There are three things that make us unique. One is that we’re geographically and academically diverse. We’re in 10 cities now. We have some schools where the admission rate is under 5% and others where admission criteria is not very selective. The second thing is that we’re not for profit, but we’re willing to try new things when we think that makes sense. We’ve been, in some of our schools, a little bit on the cutting edge –experiential learning in law school, flipped classrooms in medical schools, digital dentistry in our new dental school. We’ve also been doing online education since the 1990s. The third thing is the mission piece [with inclusion at its core]. The Jewish heritage piece is promulgated in three ways: in the undergraduate schools and divisions that are primarily designed to serve the Jewish community; in graduate programs and Jewish Studies, which are small, but we think impactful; and in teaching our students that part of our responsibility as members of humanity is to serve others.

20-003 Touro

Aside from 3 Times Square, what are some of the most interesting developments happening at Touro?

The biggest is that the Lovelace Biomedical Research Institute joined the Touro system in July. We’ve already seen some joint collaborative research projects that have begun and we’re continuing to enhance scientific collaborations. We’ve been talking about adding a PsyD program, and now that we have received approval by the state, it is beginning this fall. Our plan is to open a new osteopathic medical campus in Great Falls, Montana, in July of 2023. We opened a new [physician’s assistant] program in Middletown, NY, a few months ago and opening one in Chicago this January. We have some significant expansion plans in the dental school, which has been a huge success. From Day 1, we integrated digital dentistry using advanced technology. That includes using scanning, rather than impressions to make crowns, having multiple imaging techniques available at the chair when students are seeing patients, and continuing to look at ways to create single-visit procedures. We will continue the process of integrating teaching and research collaboration among the different units of Touro, something we started two years ago to try to create synergies.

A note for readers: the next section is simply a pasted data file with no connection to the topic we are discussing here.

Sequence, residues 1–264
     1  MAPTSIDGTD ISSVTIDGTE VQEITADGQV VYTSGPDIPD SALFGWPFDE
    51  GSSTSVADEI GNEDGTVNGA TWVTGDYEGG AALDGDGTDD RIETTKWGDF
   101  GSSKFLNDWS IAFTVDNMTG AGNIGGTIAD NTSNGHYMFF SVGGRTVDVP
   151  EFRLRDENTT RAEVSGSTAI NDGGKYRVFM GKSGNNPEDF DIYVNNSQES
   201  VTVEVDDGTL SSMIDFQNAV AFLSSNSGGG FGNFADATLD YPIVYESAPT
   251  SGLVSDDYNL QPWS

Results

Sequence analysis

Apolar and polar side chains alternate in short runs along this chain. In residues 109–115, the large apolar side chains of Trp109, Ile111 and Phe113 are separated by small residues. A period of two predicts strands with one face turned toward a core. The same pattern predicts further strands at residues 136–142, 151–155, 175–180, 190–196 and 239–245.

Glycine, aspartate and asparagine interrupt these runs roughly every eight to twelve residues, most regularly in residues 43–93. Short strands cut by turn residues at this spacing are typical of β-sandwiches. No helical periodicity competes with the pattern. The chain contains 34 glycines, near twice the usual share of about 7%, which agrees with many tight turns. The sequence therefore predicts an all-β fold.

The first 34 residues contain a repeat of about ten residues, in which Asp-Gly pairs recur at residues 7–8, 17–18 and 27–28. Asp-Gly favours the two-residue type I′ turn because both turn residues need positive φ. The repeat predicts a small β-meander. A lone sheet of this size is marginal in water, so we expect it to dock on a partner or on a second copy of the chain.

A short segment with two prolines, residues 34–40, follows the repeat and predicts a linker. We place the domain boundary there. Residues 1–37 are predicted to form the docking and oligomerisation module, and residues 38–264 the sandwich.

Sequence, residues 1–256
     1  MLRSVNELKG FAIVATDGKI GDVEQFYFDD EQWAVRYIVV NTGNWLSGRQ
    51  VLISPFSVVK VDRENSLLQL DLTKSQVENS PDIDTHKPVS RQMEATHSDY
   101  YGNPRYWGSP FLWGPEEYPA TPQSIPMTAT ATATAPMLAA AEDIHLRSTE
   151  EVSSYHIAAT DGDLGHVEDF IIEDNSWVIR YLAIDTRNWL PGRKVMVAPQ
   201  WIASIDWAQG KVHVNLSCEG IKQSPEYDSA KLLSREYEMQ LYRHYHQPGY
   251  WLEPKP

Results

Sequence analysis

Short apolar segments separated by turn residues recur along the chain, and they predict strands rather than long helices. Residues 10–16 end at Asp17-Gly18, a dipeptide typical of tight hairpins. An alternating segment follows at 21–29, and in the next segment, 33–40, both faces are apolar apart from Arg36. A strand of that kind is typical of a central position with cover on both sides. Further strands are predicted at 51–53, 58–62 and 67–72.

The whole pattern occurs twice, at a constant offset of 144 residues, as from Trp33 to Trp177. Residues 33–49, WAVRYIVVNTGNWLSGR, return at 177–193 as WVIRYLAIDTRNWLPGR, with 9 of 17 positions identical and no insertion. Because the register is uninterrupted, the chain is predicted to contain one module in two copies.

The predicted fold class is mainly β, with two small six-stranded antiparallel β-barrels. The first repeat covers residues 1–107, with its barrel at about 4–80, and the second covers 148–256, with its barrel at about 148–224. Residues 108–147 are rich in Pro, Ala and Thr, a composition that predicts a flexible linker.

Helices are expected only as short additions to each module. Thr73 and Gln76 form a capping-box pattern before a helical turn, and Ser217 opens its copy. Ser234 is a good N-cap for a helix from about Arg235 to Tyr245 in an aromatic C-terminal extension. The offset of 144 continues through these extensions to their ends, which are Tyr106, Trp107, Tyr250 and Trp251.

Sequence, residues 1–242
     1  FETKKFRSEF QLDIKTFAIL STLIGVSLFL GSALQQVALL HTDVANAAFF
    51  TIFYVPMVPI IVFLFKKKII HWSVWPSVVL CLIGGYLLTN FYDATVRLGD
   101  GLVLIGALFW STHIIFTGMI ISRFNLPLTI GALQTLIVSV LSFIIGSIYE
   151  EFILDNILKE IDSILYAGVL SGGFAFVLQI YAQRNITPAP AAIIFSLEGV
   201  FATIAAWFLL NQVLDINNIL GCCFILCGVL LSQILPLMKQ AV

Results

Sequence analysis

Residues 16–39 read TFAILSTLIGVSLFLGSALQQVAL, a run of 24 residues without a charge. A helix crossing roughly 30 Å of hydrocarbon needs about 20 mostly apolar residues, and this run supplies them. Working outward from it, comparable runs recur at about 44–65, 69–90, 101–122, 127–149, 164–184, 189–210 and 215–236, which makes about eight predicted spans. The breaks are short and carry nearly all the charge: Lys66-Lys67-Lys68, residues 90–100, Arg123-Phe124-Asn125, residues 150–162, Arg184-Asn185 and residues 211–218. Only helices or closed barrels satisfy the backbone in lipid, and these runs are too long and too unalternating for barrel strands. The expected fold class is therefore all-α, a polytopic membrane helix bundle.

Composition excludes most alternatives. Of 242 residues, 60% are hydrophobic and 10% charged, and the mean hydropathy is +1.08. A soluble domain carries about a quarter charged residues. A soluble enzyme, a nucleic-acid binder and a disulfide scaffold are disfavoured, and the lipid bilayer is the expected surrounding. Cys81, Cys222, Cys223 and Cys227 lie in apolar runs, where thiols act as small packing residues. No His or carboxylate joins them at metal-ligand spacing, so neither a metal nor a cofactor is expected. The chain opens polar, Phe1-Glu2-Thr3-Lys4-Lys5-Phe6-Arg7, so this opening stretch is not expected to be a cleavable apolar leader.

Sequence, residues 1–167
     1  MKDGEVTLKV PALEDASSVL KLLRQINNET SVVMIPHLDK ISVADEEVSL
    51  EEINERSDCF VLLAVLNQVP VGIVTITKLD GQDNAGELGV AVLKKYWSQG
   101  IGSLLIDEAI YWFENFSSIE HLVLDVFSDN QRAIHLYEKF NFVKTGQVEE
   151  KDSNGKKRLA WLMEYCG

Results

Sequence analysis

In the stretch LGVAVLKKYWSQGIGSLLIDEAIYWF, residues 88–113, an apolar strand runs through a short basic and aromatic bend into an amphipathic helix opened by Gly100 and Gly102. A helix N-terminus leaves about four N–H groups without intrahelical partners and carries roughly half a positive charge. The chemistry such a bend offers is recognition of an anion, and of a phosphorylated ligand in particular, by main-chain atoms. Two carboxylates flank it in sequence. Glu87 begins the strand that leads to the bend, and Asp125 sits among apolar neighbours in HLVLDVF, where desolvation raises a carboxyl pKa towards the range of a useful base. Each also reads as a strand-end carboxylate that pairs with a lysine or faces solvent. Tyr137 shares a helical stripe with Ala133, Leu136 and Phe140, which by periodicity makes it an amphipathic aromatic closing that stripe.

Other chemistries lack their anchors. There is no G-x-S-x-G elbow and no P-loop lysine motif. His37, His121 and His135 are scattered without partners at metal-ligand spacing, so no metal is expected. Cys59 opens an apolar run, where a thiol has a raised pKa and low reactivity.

How was the Times Square site identified and how is it positioning Touro for the future?

We own a lot of our facilities. Unfortunately, the one place we don’t own facilities is Midtown Manhattan. We’ve been looking to find a place where we can have more of a campus feel, have students be able to work together and talk to each other, have the operational efficiencies of being in one place, to be able to share classrooms. Serendipitously, COVID changed the atmosphere, and Cushman and Wakefield found an opportunity. The ability to get over 300,000 feet in a single location, with a separate entrance to accommodate students and reasonable sized ceilings, it wasn’t easy to find. During COVID when there was less demand on space, we were able to do that and plan to open our new Touro Cross River Campus in December

You mentioned your numerous locations. How have developments been going abroad, especially the tense climate in Russia?